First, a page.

I'm fiddling around with bitwise operators in JavaScript and there is one thing I find remarkable.

The bitwise or operator returns `1`

as output bit if one of the two input bits are `1`

. So doing `x | 0`

always returns `x`

, because `| 0`

has no effect:

`( 1 | 0 ) === 1`

`( 0 | 0 ) === 0`

However, when I calculated `Infinity | 0`

, I got `0`

. This is surprising in my opinion, because by the above one should get `Infinity`

. After all, `( x | 0 ) === x`

.

I cannot find where in the ECMAscript specification this is explicitly defined, so I was wondering what exactly implies that `( Infinity | 0 ) === 0`

. Is is perhaps the way `Infinity`

is stored in memory? If so, how can it still be that doing a `| 0`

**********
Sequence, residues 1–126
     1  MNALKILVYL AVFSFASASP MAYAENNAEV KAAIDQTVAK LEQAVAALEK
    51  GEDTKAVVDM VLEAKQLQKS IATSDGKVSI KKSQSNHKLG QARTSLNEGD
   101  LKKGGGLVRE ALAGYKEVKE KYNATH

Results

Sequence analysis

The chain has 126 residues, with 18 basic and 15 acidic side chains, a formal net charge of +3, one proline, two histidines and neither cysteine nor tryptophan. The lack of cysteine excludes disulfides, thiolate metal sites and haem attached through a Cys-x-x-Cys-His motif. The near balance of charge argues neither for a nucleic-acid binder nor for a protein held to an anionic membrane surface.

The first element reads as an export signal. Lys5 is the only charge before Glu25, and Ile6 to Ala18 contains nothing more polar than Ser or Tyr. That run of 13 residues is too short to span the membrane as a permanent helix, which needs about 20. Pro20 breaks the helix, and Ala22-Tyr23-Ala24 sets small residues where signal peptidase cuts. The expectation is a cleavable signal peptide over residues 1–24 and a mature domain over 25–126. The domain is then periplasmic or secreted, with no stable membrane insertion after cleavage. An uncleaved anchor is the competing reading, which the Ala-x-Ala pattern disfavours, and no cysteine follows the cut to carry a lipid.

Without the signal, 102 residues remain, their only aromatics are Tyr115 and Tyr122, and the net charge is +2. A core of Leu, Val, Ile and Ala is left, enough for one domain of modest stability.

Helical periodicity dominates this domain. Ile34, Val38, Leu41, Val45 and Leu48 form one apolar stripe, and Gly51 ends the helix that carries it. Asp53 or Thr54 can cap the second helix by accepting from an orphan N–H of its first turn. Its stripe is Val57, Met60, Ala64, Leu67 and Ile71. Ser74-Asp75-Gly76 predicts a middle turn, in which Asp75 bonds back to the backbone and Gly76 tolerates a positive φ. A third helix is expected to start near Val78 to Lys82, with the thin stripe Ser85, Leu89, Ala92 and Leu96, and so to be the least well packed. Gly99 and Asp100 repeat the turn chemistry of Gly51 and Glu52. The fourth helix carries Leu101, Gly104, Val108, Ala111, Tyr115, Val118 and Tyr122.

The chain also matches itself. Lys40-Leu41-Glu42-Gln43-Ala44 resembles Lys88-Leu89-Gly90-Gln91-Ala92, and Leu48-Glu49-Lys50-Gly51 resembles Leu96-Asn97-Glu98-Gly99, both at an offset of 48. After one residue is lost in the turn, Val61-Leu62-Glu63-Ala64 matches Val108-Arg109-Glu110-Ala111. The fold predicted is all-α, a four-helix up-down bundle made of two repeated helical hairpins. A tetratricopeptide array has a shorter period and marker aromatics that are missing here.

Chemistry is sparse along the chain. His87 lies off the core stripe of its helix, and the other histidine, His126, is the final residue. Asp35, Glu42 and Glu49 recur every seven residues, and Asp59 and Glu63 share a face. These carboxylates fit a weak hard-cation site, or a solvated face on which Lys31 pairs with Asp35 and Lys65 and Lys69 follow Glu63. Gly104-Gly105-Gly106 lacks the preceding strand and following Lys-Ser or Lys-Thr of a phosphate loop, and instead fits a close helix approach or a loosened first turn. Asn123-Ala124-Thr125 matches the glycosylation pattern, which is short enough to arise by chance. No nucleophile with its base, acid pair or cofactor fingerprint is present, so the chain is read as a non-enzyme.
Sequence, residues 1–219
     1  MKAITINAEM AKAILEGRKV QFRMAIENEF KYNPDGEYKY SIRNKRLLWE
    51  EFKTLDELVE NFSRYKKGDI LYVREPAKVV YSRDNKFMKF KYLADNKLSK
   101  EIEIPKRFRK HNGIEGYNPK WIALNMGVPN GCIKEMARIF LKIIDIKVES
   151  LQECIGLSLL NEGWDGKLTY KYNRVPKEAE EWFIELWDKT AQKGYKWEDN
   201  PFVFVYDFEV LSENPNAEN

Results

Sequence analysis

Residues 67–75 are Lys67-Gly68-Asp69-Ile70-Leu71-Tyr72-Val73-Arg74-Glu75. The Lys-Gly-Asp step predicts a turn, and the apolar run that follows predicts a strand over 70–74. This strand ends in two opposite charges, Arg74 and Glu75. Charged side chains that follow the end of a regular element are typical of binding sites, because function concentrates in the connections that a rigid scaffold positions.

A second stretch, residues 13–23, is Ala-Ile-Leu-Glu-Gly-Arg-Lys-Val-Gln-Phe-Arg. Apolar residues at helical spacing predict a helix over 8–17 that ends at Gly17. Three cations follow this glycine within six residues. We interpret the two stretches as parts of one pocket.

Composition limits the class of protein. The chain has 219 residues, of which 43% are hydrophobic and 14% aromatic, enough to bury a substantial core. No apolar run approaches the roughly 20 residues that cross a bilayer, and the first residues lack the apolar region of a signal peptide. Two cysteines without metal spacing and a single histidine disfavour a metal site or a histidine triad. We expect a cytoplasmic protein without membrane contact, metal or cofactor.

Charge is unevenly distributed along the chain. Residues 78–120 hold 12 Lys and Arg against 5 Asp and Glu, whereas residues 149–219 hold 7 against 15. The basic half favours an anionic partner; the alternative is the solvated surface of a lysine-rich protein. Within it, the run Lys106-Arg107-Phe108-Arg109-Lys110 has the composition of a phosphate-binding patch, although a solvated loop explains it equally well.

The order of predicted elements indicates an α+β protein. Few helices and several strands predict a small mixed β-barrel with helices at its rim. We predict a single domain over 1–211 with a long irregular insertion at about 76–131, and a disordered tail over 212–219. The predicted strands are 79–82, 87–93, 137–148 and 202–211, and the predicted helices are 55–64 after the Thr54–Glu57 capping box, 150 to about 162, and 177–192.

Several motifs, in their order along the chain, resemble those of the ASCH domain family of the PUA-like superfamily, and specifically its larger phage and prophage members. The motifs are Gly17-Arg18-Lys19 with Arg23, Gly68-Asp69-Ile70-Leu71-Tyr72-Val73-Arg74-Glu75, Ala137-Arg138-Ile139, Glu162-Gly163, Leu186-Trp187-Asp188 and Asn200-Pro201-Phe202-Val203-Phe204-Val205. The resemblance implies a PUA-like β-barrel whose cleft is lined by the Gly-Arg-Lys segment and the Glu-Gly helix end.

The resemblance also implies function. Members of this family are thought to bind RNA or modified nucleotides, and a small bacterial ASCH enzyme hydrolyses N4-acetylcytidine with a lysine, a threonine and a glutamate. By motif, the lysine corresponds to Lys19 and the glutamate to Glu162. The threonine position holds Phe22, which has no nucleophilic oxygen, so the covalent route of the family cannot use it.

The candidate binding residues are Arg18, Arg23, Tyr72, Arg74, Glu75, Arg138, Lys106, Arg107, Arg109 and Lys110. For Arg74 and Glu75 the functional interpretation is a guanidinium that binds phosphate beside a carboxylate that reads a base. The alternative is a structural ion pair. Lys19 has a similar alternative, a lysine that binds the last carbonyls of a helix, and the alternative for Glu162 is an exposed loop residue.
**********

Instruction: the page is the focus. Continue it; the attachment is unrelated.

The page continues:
operation causes it to return `0`

whereas `| 0`

should not do anything?

`(infinity | 0)`

? Infinity is... infinite, it can't be computed by its very definition... :| – Albireo Jul 11 '11 at 12:31`Infinity`

appears to be a truthy value when you use it in an if-else statement, like one would expect. I just confirmed this: jsfiddle.net/LWBVd. Perhaps it has to do with the internal representation of`Infinity`

. – FishBasketGordo Jul 11 '11 at 12:36`0.1`

is truthy,`0.1 | 0`

is falsy. – pimvdb Jul 11 '11 at 12:39